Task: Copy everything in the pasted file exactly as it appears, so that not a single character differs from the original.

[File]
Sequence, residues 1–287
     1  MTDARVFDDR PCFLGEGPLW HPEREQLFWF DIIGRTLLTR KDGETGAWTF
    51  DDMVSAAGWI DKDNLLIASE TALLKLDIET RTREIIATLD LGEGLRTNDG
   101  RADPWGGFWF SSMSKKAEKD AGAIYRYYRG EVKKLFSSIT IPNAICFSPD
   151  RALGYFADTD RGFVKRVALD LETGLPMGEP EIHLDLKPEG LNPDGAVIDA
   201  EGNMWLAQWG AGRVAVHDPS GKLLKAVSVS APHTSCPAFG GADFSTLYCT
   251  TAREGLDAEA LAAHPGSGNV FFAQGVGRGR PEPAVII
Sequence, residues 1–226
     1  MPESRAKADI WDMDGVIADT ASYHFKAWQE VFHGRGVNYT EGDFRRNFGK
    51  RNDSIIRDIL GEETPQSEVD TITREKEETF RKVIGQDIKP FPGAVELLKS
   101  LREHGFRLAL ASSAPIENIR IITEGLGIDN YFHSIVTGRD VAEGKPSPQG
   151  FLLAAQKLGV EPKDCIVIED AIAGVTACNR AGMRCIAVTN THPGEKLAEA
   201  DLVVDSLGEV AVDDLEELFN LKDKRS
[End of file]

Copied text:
Sequence, residues 1–287
     1  MTDARVFDDR PCFLGEGPLW HPEREQLFWF DIIGRTLLTR KDGETGAWTF
    51  DDMVSAAGWI DKDNLLIASE TALLKLDIET RTREIIATLD LGEGLRTNDG
   101  RADPWGGFWF SSMSKKAEKD AGAIYRYYRG EVKKLFSSIT IPNAICFSPD
   151  RALGYFADTD RGFVKRVALD LETGLPMGEP EIHLDLKPEG LNPDGAVIDA
   201  EGNMWLAQWG AGRVAVHDPS GKLLKAVSVS APHTSCPAFG GADFSTLYCT
   251  TAREGLDAEA LAAHPGSGNV FFAQGVGRGR PEPAVII
Sequence, residues 1–226
     1  MPESRAKADI WDMDGVIADT ASYHFKAWQE VFHGRGVNYT EGDFRRNFGK
    51  RNDSIIRDIL GEETPQSEVD TITREKEETF RKVIGQDIKP FPGAVELLKS
   101  LREHGFRLAL ASSAPIENIR IITEGLGIDN YFHSIVTGRD VAEGKPSPQG
   151  FLLAAQKLGV EPKDCIVIED AIAGVTACNR AGMRCIAVTN THPGEKLAEA
   201  DLVVDSLGEV AVDDLEELFN LKDKRS